The Liberal Party’s victory in the 2015 parliamentary election can partly be attributed to winning over the community. In fact, its campaign graphic for how the middle-class would benefit from proposed tax cuts showed a family named Singh.

“If you simply look at the numbers, it’s a significant change. That’s a sizeable portion of the cabinet,” said Shinder Purewal, professor of political science at Kwantlen Polytechnic University in Surrey, BC.

But Purewal, who ran as a Liberal candidate for parliament twice, was sceptical of the impact this will have long-term, even as he described Trudeau’s statement as “childish”.

“Individuals have become more powerful. But it’s the bureaucracy that makes the decisions. You don’t see Sikhs here. Same thing, perhaps, in private boards. I want to see if this trend of political power leads to more power in the public and private sectors.”

Herb Dhaliwal, the first Indo-Canadian and Sikh to be appointed a minister in the Western world, on the other hand, is thrilled: “I’m proud that others have come forward. There are more Sikhs with much bigger portfolios. That says a lot about our country.”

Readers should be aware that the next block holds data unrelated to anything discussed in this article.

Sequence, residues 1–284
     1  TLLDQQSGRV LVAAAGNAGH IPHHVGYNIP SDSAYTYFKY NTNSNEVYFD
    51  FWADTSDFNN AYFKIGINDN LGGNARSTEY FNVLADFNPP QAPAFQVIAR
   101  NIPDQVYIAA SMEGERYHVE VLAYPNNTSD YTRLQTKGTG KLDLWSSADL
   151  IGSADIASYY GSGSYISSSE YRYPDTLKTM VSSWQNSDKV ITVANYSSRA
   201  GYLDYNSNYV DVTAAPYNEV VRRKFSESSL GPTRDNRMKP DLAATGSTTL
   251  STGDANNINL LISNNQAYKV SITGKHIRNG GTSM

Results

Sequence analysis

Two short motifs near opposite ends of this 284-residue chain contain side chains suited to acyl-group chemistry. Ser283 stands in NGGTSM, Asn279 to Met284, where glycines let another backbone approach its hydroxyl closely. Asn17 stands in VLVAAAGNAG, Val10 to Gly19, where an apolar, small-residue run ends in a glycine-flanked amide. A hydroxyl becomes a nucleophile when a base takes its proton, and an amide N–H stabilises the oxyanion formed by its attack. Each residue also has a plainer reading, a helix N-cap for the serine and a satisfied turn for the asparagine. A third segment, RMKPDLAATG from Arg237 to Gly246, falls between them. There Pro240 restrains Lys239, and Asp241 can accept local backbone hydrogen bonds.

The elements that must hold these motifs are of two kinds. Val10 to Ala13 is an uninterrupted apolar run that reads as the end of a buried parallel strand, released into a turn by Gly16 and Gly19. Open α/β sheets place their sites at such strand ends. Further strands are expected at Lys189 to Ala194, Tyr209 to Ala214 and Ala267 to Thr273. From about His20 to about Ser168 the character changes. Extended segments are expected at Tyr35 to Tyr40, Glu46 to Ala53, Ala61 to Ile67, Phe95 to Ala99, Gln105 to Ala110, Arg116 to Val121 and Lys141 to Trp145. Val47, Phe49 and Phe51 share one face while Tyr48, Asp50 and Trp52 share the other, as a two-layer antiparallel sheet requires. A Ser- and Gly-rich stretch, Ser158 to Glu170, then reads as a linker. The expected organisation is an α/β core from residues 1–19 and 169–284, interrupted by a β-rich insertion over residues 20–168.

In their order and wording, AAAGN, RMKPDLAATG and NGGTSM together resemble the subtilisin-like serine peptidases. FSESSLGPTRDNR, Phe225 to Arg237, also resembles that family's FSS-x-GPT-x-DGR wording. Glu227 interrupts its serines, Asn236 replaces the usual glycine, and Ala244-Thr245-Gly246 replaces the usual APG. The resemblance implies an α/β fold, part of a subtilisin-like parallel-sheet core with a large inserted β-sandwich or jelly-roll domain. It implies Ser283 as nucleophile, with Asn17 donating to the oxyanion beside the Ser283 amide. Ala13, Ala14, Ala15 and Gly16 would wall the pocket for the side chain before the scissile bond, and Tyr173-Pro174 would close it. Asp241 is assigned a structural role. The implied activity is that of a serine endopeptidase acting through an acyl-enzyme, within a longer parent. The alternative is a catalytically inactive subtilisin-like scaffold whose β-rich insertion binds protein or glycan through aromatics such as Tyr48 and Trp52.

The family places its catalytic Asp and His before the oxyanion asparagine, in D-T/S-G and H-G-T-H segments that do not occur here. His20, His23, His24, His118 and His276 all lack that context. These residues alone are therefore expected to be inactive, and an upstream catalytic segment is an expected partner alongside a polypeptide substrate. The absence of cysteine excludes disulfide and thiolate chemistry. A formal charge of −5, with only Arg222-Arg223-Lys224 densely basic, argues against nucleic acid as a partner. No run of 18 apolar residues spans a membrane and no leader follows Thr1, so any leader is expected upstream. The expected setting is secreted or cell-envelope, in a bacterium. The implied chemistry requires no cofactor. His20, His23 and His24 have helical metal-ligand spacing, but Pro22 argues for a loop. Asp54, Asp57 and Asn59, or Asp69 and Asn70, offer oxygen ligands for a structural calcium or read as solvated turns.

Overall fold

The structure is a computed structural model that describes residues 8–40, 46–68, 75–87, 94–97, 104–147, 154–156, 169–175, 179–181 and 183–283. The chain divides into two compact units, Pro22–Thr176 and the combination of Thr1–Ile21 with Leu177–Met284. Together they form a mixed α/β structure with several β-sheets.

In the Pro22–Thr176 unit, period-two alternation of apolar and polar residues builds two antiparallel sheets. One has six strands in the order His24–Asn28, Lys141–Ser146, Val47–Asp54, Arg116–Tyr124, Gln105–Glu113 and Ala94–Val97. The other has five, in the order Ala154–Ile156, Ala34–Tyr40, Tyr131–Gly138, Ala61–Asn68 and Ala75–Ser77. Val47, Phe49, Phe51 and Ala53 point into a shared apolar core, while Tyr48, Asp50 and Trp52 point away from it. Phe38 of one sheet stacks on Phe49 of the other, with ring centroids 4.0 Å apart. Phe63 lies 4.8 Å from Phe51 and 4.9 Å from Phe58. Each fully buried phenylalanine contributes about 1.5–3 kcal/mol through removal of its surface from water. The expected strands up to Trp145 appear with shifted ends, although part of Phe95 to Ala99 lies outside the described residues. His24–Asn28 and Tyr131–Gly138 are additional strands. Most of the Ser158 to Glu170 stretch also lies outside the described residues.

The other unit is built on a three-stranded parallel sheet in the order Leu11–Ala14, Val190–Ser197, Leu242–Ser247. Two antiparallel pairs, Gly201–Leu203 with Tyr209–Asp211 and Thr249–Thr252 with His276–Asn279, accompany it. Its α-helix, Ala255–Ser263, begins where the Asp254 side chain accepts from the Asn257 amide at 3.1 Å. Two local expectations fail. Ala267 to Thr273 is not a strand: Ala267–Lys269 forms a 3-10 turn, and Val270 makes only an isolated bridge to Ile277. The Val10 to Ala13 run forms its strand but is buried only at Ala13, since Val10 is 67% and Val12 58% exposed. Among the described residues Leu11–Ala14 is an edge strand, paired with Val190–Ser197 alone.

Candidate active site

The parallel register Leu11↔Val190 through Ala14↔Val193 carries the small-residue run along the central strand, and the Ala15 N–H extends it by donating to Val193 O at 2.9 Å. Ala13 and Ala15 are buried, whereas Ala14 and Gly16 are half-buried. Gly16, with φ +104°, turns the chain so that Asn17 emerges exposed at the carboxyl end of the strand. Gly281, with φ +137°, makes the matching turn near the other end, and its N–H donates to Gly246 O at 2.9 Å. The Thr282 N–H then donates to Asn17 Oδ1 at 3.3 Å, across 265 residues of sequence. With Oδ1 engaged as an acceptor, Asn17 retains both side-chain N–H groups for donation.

Sikh symbols like the turban or kirpan are no longer alien to Canada. Unlike in the US, where Sikh stand-up comedian Jus Reign recently had to remove his headwear for security reasons, in Canada their higher profile has meant greater understanding.

“There is no why, just because. Sikhs are part of the Canadian mosaic,” Bains said, stressing the country’s policy of multiculturalism, even with its faults, had helped the process. That mainstreaming of Sikhs has helped them win nearly 20 seats in this House of Commons, with a handful in non-traditional areas.

Dhaliwal made history in 1997, and Bains believes “each minister will say they stand on the shoulders of giants”.

Sikhs have been engaged in Canadian politics since they first came to the country, but it took nearly 90 years for them to arrive in Ottawa, the capital and centre of political power in Canada.